For the foregoing reasons, we DENY the petition for review.
1. The version of 8 U.S.C. § 1401(g) in effect at the time of Thomas's birth required his father to have at least ten years of physical presence in the United States for Thomas to acquire citizenship through that statutory vehicle. 8 U.S.C. § 1401(g) (1982); see United States v. Duron–Caldera, 737 F.3d 988, 990 n. 1 (5th Cir.2013) (“Derivative citizenship is determined under the law in effect at the time of the child's birth.”). The statute counted time spent abroad in the military towards the ten year physical presence requirement. 8 U.S.C. § 1401(g) (1982). Congress amended the statute in 1986 to decrease the requisite U.S. presence or service, but only after Thomas's birth. See An Act to amend the Immigration and Nationality Act, and for other purposes, Pub.L. No. 99–653, § 12, 100 Stat. 3655, 3657 (Nov. 14, 1986).
2. In Rabang, Judge Pregerson dissented from the majority opinion. Judge Pregerson opined that the common law rule of dominion and the original intent of the authors of the Fourteenth Amendment led to the conclusion that persons born in the Philippines during the territorial period were born “in the United States” within the meaning of the Fourteenth Amendment. Rabang, 35 F.3d at 1454–66 (Pregerson, J., dissenting).
3. The Insular Cases were a series of Supreme Court opinions that “addressed whether the Constitution, by its own force, applies in any territory that is not a State.” Boumediene v. Bush, 553 U.S. 723, 756 (2008). “The ‘Insular Cases,’ which arose at the turn of the century, involved territories which had only recently been conquered or acquired by the United States.” Reid v. Covert, 354 U.S. 1, 13 (1957). The Supreme Court ruled “that certain constitutional safeguards were not applicable to these territories since they had not been expressly or impliedly incorporated into the Union by Congress.” Id. (internal quotation marks omitted).
4. The Supreme Court has previously assumed that persons born in the Philippines at the time the Philippines was a territory of the United States were not United States citizens. See Rabang v. Boyd, 353 U.S. 427, 432 n. 12 (1957) (“The inhabitants of the islands acquired by the United States during the late war with Spain, not being citizens of the United States, do not possess the right of free entry into the United States.” (internal citation and quotation marks omitted)).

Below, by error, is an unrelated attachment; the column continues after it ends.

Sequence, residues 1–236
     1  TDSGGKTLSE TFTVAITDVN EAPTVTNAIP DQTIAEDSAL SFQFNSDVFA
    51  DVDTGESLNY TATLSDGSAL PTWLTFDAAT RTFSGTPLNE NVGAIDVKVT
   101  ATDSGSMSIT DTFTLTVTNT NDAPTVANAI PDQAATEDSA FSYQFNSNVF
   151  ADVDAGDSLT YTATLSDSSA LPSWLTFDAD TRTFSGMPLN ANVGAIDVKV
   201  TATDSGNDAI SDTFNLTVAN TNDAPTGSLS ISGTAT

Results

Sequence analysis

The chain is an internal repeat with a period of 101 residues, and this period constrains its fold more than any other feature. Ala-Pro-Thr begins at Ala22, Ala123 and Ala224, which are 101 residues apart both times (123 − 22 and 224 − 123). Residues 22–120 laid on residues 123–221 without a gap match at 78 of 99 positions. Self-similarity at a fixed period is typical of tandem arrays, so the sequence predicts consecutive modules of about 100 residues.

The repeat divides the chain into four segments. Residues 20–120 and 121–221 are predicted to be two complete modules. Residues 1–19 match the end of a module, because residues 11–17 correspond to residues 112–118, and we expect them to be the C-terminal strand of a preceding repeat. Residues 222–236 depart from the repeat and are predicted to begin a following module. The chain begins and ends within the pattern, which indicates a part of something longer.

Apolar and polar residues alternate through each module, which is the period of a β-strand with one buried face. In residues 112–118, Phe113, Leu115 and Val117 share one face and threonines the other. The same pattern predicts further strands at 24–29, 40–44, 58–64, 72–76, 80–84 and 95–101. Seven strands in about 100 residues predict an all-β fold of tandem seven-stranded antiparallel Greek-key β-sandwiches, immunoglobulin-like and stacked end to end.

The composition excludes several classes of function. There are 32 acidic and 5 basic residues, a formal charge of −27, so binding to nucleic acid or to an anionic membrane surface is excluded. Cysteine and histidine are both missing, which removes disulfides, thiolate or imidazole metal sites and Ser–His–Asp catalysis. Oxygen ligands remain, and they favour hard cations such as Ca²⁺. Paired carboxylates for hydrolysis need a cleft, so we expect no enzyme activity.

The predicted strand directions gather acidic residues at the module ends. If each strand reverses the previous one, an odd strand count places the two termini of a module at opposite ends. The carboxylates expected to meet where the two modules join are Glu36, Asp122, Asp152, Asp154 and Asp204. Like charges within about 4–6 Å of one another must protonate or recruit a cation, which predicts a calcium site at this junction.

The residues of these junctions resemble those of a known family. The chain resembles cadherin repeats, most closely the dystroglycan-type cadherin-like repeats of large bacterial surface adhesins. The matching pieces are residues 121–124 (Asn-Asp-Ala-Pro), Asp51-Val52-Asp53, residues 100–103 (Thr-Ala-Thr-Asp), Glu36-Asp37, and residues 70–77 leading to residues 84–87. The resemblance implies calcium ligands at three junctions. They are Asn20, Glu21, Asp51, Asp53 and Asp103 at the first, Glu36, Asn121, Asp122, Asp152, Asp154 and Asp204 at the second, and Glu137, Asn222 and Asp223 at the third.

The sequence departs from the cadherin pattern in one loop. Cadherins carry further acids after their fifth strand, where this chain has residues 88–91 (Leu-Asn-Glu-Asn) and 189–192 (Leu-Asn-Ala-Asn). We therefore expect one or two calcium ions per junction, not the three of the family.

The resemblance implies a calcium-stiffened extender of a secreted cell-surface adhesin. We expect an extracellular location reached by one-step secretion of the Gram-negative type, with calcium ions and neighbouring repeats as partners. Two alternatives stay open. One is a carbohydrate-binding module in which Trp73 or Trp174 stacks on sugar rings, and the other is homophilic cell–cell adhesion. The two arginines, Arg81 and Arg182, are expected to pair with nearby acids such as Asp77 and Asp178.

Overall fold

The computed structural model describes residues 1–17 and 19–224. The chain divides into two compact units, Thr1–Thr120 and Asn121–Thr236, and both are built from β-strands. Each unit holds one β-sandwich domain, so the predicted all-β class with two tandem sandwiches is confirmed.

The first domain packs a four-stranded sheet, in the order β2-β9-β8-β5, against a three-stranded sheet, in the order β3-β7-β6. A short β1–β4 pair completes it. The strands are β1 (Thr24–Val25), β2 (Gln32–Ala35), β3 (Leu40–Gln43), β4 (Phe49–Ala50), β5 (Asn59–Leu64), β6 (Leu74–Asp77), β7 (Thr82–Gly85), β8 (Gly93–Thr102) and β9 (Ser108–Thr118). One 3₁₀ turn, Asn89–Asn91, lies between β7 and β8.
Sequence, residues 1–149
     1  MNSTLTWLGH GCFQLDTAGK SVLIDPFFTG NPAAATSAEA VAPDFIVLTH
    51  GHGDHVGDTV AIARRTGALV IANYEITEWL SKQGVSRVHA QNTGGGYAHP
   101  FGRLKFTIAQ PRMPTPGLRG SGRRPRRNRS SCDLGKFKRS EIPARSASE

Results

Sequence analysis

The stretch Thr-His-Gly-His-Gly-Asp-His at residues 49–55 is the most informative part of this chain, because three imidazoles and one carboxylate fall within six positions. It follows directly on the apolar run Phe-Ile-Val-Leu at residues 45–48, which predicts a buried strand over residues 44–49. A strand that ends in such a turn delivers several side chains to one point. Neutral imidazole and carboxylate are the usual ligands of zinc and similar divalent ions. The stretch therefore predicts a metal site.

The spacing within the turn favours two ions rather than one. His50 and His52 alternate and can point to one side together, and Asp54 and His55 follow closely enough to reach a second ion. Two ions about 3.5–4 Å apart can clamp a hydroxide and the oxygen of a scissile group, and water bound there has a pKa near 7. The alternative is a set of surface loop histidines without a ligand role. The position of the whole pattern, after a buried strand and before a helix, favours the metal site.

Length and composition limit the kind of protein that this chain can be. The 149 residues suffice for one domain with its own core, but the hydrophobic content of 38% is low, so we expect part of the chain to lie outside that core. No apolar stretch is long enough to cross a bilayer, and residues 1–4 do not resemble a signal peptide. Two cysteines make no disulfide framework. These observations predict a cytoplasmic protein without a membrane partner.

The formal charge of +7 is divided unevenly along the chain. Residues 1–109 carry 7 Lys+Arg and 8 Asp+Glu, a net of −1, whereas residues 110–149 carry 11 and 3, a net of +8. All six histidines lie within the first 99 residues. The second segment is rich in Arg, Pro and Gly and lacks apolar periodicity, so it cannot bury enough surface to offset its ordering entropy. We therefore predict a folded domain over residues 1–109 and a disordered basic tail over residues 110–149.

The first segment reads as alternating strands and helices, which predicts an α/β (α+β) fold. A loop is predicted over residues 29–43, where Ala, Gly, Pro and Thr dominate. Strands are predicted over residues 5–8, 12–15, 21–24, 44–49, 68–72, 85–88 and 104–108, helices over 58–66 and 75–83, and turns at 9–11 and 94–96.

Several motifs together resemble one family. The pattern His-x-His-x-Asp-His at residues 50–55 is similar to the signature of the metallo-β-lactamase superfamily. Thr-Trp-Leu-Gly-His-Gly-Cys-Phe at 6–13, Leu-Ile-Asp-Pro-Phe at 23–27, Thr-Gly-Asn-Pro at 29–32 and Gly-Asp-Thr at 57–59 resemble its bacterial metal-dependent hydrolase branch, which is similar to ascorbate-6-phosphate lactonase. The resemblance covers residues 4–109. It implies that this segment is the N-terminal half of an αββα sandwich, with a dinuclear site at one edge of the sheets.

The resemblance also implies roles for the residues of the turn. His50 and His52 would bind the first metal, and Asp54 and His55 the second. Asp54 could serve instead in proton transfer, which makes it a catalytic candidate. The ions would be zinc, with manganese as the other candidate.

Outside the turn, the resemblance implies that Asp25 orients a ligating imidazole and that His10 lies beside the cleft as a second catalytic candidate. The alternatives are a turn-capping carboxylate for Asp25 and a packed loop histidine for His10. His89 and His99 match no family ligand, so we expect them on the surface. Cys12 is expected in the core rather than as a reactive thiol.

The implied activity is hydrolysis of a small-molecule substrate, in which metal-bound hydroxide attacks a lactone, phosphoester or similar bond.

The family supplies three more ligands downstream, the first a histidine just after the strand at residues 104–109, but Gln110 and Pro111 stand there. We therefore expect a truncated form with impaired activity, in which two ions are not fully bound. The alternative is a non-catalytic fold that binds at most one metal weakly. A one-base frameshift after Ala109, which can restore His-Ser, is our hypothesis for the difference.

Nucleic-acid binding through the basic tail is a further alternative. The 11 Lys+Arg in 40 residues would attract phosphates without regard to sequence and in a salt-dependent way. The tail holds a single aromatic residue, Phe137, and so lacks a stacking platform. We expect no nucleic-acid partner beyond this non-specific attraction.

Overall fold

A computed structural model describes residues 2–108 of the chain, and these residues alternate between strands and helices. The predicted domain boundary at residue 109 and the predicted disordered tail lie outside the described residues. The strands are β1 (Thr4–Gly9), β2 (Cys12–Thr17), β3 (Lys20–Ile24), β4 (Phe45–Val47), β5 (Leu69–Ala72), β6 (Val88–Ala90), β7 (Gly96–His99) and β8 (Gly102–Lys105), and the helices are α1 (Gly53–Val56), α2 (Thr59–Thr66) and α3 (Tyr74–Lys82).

5. In an unpublished opinion, the Third Circuit considered a petitioner's argument that his mother was a United States citizen because she “was born in Guantanamo Bay, Cuba, which he asserts is a sovereign territory of the United States.” Williams v. Attorney General of the United States, 458 F. App'x. 148, 152 (3d Cir.2012) (unpublished) (per curiam). The Williams court noted that “the Department of State's Foreign Affairs Manual provides that military installations are not part of the United States within the meaning of the Fourteenth Amendment.” Id. Accordingly, it held that the petitioner's mother was not a citizen by birth. Id.
6. Even though, as we held in Nolos, the Fourteenth Amendment contains a territorial limitation, Congress may extend birthright citizenship to individuals born outside of the territorial United States. See Miller, 523 U.S. at 424 (“Persons not born in the United States acquire citizenship by birth only as provided by Acts of Congress.”). Congress has provided for birthright citizenship for individuals born abroad to one United States citizen parent. See 8 U.S.C. 1401(g). However, as explained above, Thomas did not qualify for the statutory grant of birthright citizenship applicable at the time of his birth.
7. We acknowledge that some scholars have argued that the Fourteenth Amendment confers citizenship on certain individuals born outside the territorial United States. See, e.g., Lawrence Tribe and Theodore Olson, The ‘Natural Born Citizen’ Memo, (Mar. 19, 2008); Simeon E. Baldwin, The Constitutional Questions Incident to the Acquisition and Government by the United States of Island Territory, 12 Harv. L.Rev. 393, 406 (1899).
8. Thomas argues that if the Fourteenth Amendment does not provide him with birthright citizenship, he is effectively stateless. However, even if we were to assume that he would be rendered stateless because he is not a United States citizen, we are not convinced that such a classification would change the analysis under the Fourteenth Amendment.
KING, Circuit Judge: